Land reform for thriving rural communities


Below I have reproduced the conference motion which I moved on behalf of the Highland Liberal Democrats at the 2021 Scottish Liberal Democrat spring conference. It was passed unamended.

Conference notes that:

  1. Scotland still has one of the most concentrated land ownership patterns in the world, with over half of Scotland’s rural land owned by an estimated 432 landowners.
  2. Lack of land reform is frequently cited as the biggest barrier to building the housing required to address the rural housing crisis.
  3. The Covid-19 crisis has exacerbated the housing crisis affecting Scottish communities, particularly in the Highlands and Islands, where demand for housing has soared; and in the North East, where the oil and gas downturn has led to a significant decline in the local economy.
  4. Average Scottish house prices rose from £113,289 in 2004 to £181,339 in 2019, well above the average increase in earnings. The Highlands have seen an even sharper rise, with prices increasing from £107,639 in 2004 to £185,178 in 2019, while the Western Isles have seen a rise from £65,189 in 2004 to £123,048 in 2019.
  5. Average house prices in rural parts of Scotland have risen even higher since the arrival of the Covid-19 pandemic in March 2020, leading to fears of “economic clearances” as local residents are outbid by buyers from across the UK and beyond.

Conference recalls that the Liberal Democrat preamble states our Party’s support for “the widest possible distribution of wealth.”

Conference believes that:

  1. Reforming land ownership, usage and taxation in Scotland will contribute to a fairer society and a fairer economy.
  2. Hyper-concentrated land ownership and absentee property ownership have become corrosive problems across the entirety of Scotland.
  3. Scotland urgently requires a coherent strategy on the ownership and use of land which incorporates human rights and public interest to provide widespread opportunities for ownership of land amongst individuals, community organisations and businesses.
  4. A new land reform strategy should put communities at its heart, strengthening community rights and ensuring that the management of such assets is administered by locally based democratic governance structures.
  5. The Scottish Government’s existing land reform policies do not go far enough to ensure that young people and families are supported to remain in their communities in adulthood. The severe shortage of housing stock in rural areas of Scotland is exacerbated by the lack of available land for building new homes, and ongoing delays in acquiring such land continues to force people into relocating to urban population centres.
  6. Depopulation in the Gàidhealtachd, driven by a lack of housing and jobs for young people, has led to the near collapse of Gaelic-speaking communities. Comprehensive land reform and community-driven affordable housing initiatives are crucial to ensuring the sustainability of these communities and the broader revival of the language.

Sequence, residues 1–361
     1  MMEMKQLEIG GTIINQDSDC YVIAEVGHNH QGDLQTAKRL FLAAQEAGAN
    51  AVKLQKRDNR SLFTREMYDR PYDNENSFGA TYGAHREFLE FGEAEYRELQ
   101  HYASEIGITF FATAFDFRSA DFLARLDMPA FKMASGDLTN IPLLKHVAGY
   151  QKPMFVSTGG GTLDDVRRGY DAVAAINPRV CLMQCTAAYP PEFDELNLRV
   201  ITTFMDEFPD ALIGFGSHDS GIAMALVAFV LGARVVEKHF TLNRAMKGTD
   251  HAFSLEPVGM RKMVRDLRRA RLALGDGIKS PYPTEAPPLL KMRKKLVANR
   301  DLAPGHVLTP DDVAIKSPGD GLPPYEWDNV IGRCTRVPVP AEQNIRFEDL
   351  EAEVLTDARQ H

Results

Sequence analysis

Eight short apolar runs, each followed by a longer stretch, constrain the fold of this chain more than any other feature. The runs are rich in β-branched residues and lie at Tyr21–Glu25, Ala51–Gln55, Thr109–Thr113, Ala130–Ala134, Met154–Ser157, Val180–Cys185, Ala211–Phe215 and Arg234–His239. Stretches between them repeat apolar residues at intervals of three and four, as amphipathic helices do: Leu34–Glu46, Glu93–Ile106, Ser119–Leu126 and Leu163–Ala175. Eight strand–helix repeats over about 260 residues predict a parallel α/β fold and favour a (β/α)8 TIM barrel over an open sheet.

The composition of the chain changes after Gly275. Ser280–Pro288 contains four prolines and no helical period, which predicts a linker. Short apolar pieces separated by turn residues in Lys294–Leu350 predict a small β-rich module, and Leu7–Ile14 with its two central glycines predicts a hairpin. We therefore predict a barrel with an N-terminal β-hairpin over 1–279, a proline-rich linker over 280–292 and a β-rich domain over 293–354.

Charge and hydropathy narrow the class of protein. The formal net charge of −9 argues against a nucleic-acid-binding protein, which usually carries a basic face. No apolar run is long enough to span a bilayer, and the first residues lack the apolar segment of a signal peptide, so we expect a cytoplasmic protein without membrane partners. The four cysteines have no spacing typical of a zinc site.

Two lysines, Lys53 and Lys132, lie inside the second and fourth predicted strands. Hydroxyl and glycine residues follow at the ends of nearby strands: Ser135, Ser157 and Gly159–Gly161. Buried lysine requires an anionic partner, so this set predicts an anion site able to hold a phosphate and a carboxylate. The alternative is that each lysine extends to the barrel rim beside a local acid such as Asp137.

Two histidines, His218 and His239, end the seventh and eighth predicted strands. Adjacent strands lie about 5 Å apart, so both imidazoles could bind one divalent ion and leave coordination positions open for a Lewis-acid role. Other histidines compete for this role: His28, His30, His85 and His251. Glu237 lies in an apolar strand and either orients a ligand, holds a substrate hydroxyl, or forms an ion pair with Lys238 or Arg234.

7. Greater powers must be given to local communities to resolve their unique longstanding issues and concerns which have been exacerbated by the Covid-19 pandemic.

Conference calls on the Scottish Government to:

  1. Replace property-based council tax with a locally administered land value tax, encouraging a more proportional system of taxation and fairer use of land.
  2. Expand the Scottish Land Fund to facilitate further community ownership across Scotland, empowering sustainable communities to repopulate.
  3. Prioritise land acquisition for communities by developing a localised service to assist self-builders and communities in securing land to meet housing demand, coordinating with local authorities, landowners and housing associations.
  4. Institute a First Time Builders Fund, modelled on the Scottish Government’s First Home Fund, to support population growth in rural areas where there is no existing housing stock available for purchase.
  5. Extend and expand the Rural Housing Fund and the Islands Housing Fund, in addition to reducing barriers for communities to access the funds in a timely manner.
  6. Give the Scottish Land Commission the power to legally enforce the voluntary Rights and Responsibilities Protocols that govern the relationship between landowners and communities, similar to the mandatory Codes of Practice overseen by the Tenant Farming Commissioner.
  7. Afford rural communities enhanced consultation and consideration by public bodies by prioritising legislation similar to the Islands Act 2018, to ensure that the unique challenges facing rural communities in mainland Scotland are addressed with local input.

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